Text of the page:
Over recent years East Gippsland Water has set out to minimise energy use and greenhouse gas emissions, with a commitment to reduce the environmental impacts of operations, including through:
- an ongoing program to replace old and worn pumps with new, energy-efficient models
- ongoing investigation of innovative ways to minimise energy consumption
- an ongoing program to reduce infiltration onto the sewer network, which reduces the energy required to pump extra water
- active engagement and collaboration with other water corporations, industry bodies, community networks and external agencies to pursue best practice in energy management and greenhouse gas reduction
- submission of East Gippsland Water’s carbon emissions pledge to reduce baseline emissions by 21% by 1 July 2025 (based on average emissions from 2011/12 to 2015/16).
Initiatives implemented, or furthered, during 2017/18 included:
- installing an additional 56kW of solar panels on several pump station and depot buildings
- developing a price submission strategy to deliver the corporation’s emissions reduction program from 2018/19 to 2022/23
- installing variable speed drives at a number of larger pump stations to optimise pumping efficiency
- reducing infiltration into the sewer network by identifying and rectifying over a dozen issues in the Paynesville, Lakes Entrance and Eastwood areas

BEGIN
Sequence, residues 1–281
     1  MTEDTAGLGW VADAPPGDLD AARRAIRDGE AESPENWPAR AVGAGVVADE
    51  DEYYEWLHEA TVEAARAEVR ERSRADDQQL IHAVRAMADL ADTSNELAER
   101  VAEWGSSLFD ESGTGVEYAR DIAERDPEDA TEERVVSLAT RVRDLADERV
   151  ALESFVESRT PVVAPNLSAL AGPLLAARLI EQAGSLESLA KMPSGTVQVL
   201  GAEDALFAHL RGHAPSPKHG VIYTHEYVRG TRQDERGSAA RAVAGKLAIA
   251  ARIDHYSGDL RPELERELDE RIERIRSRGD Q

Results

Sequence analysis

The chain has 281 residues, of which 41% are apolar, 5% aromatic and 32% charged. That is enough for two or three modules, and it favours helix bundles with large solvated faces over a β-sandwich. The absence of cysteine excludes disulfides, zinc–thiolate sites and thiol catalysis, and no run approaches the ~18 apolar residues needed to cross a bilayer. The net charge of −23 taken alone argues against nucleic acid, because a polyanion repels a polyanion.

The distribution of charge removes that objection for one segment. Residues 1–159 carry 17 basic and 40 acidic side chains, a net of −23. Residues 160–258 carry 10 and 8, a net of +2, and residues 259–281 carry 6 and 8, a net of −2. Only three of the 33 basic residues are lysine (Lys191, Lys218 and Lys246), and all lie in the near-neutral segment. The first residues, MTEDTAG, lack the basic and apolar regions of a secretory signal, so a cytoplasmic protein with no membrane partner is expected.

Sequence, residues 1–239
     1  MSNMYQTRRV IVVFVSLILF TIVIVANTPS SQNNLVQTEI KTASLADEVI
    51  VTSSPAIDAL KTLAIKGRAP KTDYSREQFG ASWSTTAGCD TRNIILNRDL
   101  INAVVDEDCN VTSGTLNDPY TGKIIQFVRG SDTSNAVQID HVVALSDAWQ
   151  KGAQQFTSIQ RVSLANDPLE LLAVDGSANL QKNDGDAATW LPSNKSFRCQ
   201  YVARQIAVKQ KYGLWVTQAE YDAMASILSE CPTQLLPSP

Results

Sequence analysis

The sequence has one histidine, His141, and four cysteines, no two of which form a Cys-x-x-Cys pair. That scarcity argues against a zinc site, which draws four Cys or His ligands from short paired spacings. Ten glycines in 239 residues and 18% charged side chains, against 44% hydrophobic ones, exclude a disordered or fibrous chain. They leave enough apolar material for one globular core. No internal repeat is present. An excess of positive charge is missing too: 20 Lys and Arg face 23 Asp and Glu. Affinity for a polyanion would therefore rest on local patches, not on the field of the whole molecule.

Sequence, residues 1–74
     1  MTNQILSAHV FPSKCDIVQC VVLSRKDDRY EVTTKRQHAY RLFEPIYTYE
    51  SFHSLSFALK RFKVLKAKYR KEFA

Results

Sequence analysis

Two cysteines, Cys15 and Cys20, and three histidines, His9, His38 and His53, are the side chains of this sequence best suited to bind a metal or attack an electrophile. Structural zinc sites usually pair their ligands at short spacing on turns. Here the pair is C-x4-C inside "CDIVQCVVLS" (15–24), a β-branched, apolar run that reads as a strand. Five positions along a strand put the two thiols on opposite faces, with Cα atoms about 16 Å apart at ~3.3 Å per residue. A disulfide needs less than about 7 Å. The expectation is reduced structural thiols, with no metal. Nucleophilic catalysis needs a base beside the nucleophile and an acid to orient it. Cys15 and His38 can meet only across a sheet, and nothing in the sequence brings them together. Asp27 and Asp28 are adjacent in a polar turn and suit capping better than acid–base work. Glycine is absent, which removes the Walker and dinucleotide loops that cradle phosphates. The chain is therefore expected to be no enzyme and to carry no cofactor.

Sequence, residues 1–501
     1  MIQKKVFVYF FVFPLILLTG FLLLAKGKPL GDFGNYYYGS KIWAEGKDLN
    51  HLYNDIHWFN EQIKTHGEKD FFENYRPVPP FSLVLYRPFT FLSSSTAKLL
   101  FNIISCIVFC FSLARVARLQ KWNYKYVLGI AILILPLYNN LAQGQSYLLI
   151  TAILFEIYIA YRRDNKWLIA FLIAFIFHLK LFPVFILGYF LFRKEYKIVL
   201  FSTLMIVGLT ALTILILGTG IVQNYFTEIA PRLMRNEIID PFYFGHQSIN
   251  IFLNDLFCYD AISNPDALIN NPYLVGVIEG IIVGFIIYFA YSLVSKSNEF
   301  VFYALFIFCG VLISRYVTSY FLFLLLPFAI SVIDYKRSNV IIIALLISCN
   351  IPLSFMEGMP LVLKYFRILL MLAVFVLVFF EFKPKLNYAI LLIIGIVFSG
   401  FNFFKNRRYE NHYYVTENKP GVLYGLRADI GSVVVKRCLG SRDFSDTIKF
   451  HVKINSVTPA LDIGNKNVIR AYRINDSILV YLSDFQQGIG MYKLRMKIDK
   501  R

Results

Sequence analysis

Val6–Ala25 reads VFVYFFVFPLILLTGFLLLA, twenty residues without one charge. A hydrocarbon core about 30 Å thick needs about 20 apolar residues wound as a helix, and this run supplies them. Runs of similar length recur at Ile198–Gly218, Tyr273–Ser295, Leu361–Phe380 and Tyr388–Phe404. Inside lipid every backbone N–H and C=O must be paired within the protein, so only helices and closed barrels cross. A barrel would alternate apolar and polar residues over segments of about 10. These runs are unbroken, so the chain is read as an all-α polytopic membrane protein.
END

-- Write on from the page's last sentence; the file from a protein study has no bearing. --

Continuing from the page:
- desludging Newmerella and Lakes Entrance wastewater treatment Plant lagoons – improving the efficiency of the treatment process and reducing methane emission levels.
Also, the corporation continued to work in partnership with the East Gippsland Food Cluster and East Gippsland Shire Council on an innovative project aimed at reducing greenhouse gas emissions, by cutting the amount of food waste sent to landfill and converting this into energy. Sustainability Victoria announced a $210,000 grant from its Waste to Energy Infrastructure Fund to support the project – specifically to help facilitate a necessary upgrade to infrastructure at Bairnsdale Wastewater Treatment Plant. East Gippsland Water is providing the remainder of the funding for the $840,000 initiative.
Net greenhouse gas emissions exceeded the 2017/18 target of 8,190 tonnes of CO2-e equivalent (t CO2–e) set in 2012 by 2%, with 8,348 t CO2–e recorded for the year. This was due largely to a change in the way the direct emissions figure is now reported, with a new direct emission source – Nitrous Oxide – included since 2016/17.
East Gippsland Water continually reviews its office-based activities and carries out improvements geared at cutting energy consumption.
Notable measures at its head office in Bairnsdale have included installing energy efficient light fittings, solar water heating, reflective film on windows, energy efficient computer monitors and insulation in the roofspace. In addition, there is an increasing reliance on fuel-efficient vehicles, in the Corporation’s car fleet. Late in 2014 a 15KW solar panel system was installed on the office’s roof to supplement the use of mains electricity.